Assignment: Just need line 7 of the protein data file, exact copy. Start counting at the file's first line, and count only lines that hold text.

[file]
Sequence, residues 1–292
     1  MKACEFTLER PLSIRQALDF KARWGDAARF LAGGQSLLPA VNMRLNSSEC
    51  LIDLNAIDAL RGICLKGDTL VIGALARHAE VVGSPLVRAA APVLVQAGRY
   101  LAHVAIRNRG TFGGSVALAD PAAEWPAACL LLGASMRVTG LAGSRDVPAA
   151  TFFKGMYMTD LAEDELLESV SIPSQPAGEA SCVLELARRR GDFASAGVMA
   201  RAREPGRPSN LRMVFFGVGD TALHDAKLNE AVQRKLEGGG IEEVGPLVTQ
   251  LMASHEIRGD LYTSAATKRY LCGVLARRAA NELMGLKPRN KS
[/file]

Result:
   251  LMASHEIRGD LYTSAATKRY LCGVLARRAA NELMGLKPRN KS